8 Sasser Worm
In April of 2004, Microsoft became aware of a weak point in the Windows Local Security Authority Subsystem Service (LSASS). Recognizing this as a hack waiting to happen, the company released a 'patch' to re-enforce Windows systems against any potential threat. They did not act fast enough, however. Before the patch could be fully used, a teenage computer hacker launched a worm designed to go after unpatched systems.
Aside from the financial damages, estimated at $18 billion, the worm was responsible for destroying several different company networks in the airline, hospital and transportation industries.
It should come as little surprise that someone in the international hacking community figured out a way to go after anti-virus software. One of the most effective programs was the Conficker virus, also known as 'Downup,' 'Downadup' and 'Kido.'
While no one knows when it was first launched, it was first detected in late-2008 and was meant to disable any anti-virus software on affected computers, as well as automatic updates to those programs.
The spread was so fast and uncontrolled that the virus soon transcended domestic computer systems and attacked vital networks of the British, French and German armed forces. The overall damage estimated at $9 billion.
6 The Sobig.F Virus
In yet another example of the age-old advice, the Sobig.F Trojan malware virus did a lot of damage. Despite its stupid, distinctly juvenile moniker, this stealthy bit of bytes was one of the most effective and indestructible computer viruses ever.
Unleashed in 2003, back before anyone knew what Facebook was, the Sobig.F Trojan infected an estimated 2 million PCs worldwide. The overall impact was the grounding of all flights from Air Canada. It also caused severe slowdowns in internet servers worldwide.
The virus was so cleverly disguised, many targets didn't know it was a virus until it was too late. So ingrained was the code into the affected systems and wide-spread was damage that the cost of the clean up ran up to $37.1 billion. One of the most expensive and extensive malware cleanups in history.
5 Storm Trojan
As computer networks get more common and complex, cyber-security has tried to protect them. Though dark side hackers have also put increased effort into breaching them.
Unleashed upon an unsuspecting world at the beginning of 2007, this one piece of email distributed malware, was one of the most successful virus attacks of the internet age. It created a massive botnet of up to 10 million computers by the time it finally destroyed. Designed to change its code very 10 minutes, the virus was almost untraceable.
It was so well designed and distributed that it made up 8% of all computer infections. In three days. The architect of this code of mass destruction was never caught and remains unknown to this day.
4 The ILOVEYOU Virus
This modern virus was launched when the authorities couldn't tell a webserver from a serving tray. The 'ILOVEYOU' worm was so clever it was almost mad. Launched in May of 2000, the creator was trying to make up for the let down of the Y2K anti-climax, by wreaking own sort of cyber Armageddon on the world.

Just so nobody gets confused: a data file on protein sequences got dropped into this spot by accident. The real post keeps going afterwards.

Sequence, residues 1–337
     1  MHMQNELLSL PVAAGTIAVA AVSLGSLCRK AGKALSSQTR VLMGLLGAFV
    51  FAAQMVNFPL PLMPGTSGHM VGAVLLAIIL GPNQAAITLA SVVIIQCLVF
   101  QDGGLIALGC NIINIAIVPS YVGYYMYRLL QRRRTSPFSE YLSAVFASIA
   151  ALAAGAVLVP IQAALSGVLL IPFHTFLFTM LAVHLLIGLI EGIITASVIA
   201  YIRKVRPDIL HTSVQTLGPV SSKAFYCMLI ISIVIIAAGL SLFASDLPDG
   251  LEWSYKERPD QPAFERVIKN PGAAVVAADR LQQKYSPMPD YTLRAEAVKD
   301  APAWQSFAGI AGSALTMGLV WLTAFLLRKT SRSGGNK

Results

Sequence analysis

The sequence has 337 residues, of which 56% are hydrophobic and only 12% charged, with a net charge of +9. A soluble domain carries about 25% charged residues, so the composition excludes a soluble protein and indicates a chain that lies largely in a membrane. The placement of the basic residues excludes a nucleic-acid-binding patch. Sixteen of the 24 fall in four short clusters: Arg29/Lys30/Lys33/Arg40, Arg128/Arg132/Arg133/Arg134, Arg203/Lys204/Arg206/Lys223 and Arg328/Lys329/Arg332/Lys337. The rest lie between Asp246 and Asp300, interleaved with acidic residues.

Exploiting the sort of human oddness that makes secret admirers seem endearing and not creepy, the 'ILOVEYOU' worm disguised itself as an anonymous love letter. It spread so fast, infecting 10% of the world's computers. It was one of the most destructive viruses in history, causing estimated damages to the tune of $15 billion.
Causing the sort of damage that angry, high-school Anarchists can only dream about, the Nimda worm attack came from someone with a genius IQ and a serious problem with authority. Launched, in the most militant sense, days after the September 11th attacks, conspiracy theorist believed the virus had been a plot by Al Qaeda. Whoever it was that wrote the code was never caught. It targeted institutions as opposed to spreading randomly among people on privately owned networks. Spreading through multiple vectors, it infected several viral systems including banks and federal courts. The bill for scrubbing all the systems affected was $500 million.
2 Code Red
In one of the few examples of a virus named not by its creator, the Code Red worm was first launched in July of 2001, allegedly by hackers working for the Chinese government. Eventually discovered and diffused by Marc Maiffret and Ryan Permeh, they named it after the flavor of Mountain Dew they were drinking at the time.
The worm spread quickly, infecting an estimated one-third of Microsoft ISS web servers on the day of its release. That comes out to about 359,000 servers in 24 hours. It even breached security at the White House, and the official site was replaced with message boasting: “Hacked by Chinese!” The cost of the damages associated with the virus ran into the billions globally and the hackers who designed it were never identified.
1 SQL Slammer/Sapphire
The 'Slammer/Sapphire' is a little-known virus with an awkward name, and shows that size does not matter.
Composed of a scant 376 bytes of data, the SQL Slammer/Sapphire virus was launched in late January of 2003. 'The little virus that could' caused worldwide damage a decade ago. Effects include slowing 9/11 call centers, disabling up to 12,000 Bank of America ATMs and knocking the majority of South Korea offline. Most disturbing this is that the virus crashed the safety network at the Davis-Besse Nuclear power plant in Oak Harbor, Ohio.